A. I once worked at a start-up early that had a subpar telecommunications system. We all felt the frustration. But, one employee in particular got fed up. Documented everything that was wrong with the system and presented it to the founder. That day she was fired. The founder’s position: I hear your frustration, but don’t come to me with problems without having a proposed solution. I’ve learned throughout my career the importance of seeking creative solutions to problems. If the answer isn’t obvious, look at the problem from a different angle — turn it upside down and inside out; when you think there are no more solutions, seek another perspective.
I’ve also learned how important it is to know the problem you are solving for. I have more examples than I care to admit to of going down one path, only to discover that the customer’s core need wasn’t being met. It doesn’t matter how good the design is, a design solution needs to solve a real problem.
Don’t be afraid to ask lots of questions. Talk to your customers. Try and gain a deep understand of the end-user, and their behavior.
Q. Tell me about your role with Westfield Retail Solutions.
A. I lead a team of amazing designers who are working on new and innovative ways to help connect brands, retailers, and venues to enhance the digital and physical shopping experience. Our work ranges from creating scalable design systems, to creating new products, services and generating innovative design ideas.
Q. What do you do for inspiration? How do you generate ideas and stay inspired?
A. I love to travel. I always gain perspective by being immersed in unfamiliar cultures and I am inspired by the stories that I hear along the way. In addition to travel, I get new ideas by taking classes in just about anything, visiting local art markets and galleries, and teaching design and even yoga.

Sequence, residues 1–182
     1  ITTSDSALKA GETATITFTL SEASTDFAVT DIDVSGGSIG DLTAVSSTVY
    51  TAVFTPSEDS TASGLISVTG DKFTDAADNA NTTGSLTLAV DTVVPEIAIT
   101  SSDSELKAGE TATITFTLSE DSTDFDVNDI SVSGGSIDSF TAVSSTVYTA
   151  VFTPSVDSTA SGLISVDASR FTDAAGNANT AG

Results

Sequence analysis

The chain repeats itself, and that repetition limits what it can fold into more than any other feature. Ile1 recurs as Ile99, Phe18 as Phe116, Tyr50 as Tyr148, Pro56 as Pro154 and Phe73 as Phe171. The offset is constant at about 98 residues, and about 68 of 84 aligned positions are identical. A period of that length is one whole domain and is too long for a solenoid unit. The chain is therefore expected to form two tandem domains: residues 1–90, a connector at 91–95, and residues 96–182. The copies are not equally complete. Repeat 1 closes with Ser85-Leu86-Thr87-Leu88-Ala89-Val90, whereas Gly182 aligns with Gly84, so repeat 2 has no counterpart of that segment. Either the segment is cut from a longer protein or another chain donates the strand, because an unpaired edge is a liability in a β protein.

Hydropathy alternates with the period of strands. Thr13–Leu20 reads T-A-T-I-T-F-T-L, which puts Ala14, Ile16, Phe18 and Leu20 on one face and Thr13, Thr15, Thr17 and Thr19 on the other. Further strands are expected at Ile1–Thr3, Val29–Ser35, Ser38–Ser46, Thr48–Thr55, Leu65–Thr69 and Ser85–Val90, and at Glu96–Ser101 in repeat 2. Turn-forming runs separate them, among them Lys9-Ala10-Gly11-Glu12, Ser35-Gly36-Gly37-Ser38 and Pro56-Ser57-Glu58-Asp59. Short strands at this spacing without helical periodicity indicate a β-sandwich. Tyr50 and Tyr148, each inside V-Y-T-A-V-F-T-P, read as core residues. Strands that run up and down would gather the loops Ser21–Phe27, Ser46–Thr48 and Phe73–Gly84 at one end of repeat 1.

Q. What career advice would you give to young people today?
A. Stay curious. Get outside of your comfort zone. Expose yourself to new and unexpected experiences. Look at problems from a new perspective. Keep learning about your industry as well as concepts outside of your industry. If you go beyond the expected, it can help you become a better problem solver, inspire creativity, and make life more exciting.
Focus on building lasting relationships. A large part of what you’ll do in your career, even as a designer, will require great people skills. Listen carefully to others, be honest, and appreciate that every interaction with someone is an opportunity to grow your network.
Be sure to have fun. Success in your career can mean hard work and long hours, but it’s important to avoid burnout. Ensure you’re doing work you are passionate about, working with people you enjoy being around, and always make time for the not-so-serious stuff.
Q. What’s the most challenging aspect of being a creative leader?
A. One of the more challenging aspects of leadership is inspiring your team even when you have major setbacks. I believe in taking risks, learning from mistakes, and course-correcting when needed. However, this can sometimes feel chaotic to people on the team. I always try to communicate what success looks like and keep the team focused on that.
Q. What’s your favorite aspect of being a creative leader?
A. Sharing everything I have learned and (hopefully) watching those around me use this wisdom to grow in their own careers. That said, I couldn’t be a leader without constantly learning from those around me, which I enjoy just as much.